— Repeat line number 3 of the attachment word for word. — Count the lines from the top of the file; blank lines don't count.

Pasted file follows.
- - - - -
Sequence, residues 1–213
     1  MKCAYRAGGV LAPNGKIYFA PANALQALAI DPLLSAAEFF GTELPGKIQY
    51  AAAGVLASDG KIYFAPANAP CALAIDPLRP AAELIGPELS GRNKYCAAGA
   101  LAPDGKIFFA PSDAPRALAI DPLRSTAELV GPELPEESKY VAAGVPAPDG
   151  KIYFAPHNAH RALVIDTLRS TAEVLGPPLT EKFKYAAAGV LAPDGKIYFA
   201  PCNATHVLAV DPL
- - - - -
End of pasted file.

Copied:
    51  AAAGVLASDG KIYFAPANAP CALAIDPLRP AAELIGPELS GRNKYCAAGA